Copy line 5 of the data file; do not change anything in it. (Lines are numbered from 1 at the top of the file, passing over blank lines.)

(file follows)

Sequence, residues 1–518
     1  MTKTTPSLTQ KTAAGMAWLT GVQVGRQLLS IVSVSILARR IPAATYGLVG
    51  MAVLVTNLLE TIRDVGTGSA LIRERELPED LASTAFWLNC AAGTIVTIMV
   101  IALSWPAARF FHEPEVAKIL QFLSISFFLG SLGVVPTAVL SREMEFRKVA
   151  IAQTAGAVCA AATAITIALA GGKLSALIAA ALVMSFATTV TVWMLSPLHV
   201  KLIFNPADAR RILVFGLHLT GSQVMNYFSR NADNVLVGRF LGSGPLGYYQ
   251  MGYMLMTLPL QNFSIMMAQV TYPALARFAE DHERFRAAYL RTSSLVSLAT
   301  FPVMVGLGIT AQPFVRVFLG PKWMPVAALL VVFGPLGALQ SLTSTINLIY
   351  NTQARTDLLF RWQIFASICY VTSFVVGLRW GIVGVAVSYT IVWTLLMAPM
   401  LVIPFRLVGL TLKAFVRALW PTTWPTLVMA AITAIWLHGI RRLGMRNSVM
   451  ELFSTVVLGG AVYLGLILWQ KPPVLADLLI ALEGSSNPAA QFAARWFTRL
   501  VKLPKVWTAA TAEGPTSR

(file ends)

   151  IAQTAGAVCA AATAITIALA GGKLSALIAA ALVMSFATTV TVWMLSPLHV